Once Europe’s Most Mobile Workforce, Poles Now Want to Stay Home
(Bloomberg) -- Brexit, surging paychecks and record-low unemployment has turned what was once one of Europe’s most travel-ready workforces into a nation of homebodies.
Since it joined the European Union in 2004, about 2.6 million of Poland’s 38 million people emigrated, leaving behind low wages and double-digit unemployment for more lucrative jobs in richer Western Europe. But years of economic transformation have combined with the U.K.’s plan to leave the EU -- Britain was once Poles’ favored destination -- to wipe out wanderlust in the EU’s biggest eastern economy.
Now nine out of 10 Poles reject the idea of emigrating, according to a survey published by Work Service SA on Tuesday. That’s the most since the human resources company began the poll four years ago, when a fifth of the population was considering leaving. Almost 40 percent of those surveyed cited “attractive workplaces” in Poland as the main reason they wanted to stay home.
“For the first time in the history of our surveys, we see a single-digit number of Poles thinking about working abroad,” Work Service Chief Executive Officer Maciej Witucki said in an emailed statement. “Undoubtedly, it’s thanks to the improving situation on the labor market, which is not only weakening interest in foreign jobs, but it’s making people simply reject that idea at all.”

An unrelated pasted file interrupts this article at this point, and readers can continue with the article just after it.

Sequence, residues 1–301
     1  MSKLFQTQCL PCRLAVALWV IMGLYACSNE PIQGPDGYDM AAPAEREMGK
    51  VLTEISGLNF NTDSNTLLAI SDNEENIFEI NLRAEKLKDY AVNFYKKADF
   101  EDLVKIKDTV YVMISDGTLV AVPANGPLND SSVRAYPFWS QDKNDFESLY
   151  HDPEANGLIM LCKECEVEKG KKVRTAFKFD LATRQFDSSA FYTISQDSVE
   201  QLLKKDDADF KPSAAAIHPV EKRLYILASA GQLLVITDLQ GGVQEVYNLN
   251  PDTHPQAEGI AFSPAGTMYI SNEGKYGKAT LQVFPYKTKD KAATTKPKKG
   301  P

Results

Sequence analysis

Average salaries have risen at an annual pace of 7 percent for the second year running, bringing the average pay at large companies to about 4,000 zloty ($1,046) a month. The unemployment rate is at 3.6 percent, according to Eurostat methodology, one of the lowest in the EU.
Of those 9 percent of Poles in the survey who were considering moving abroad to work, only a third said they might go to the U.K. Now the favorite destination is neighboring Germany, followed by Norway and Sweden, according to Work Service.
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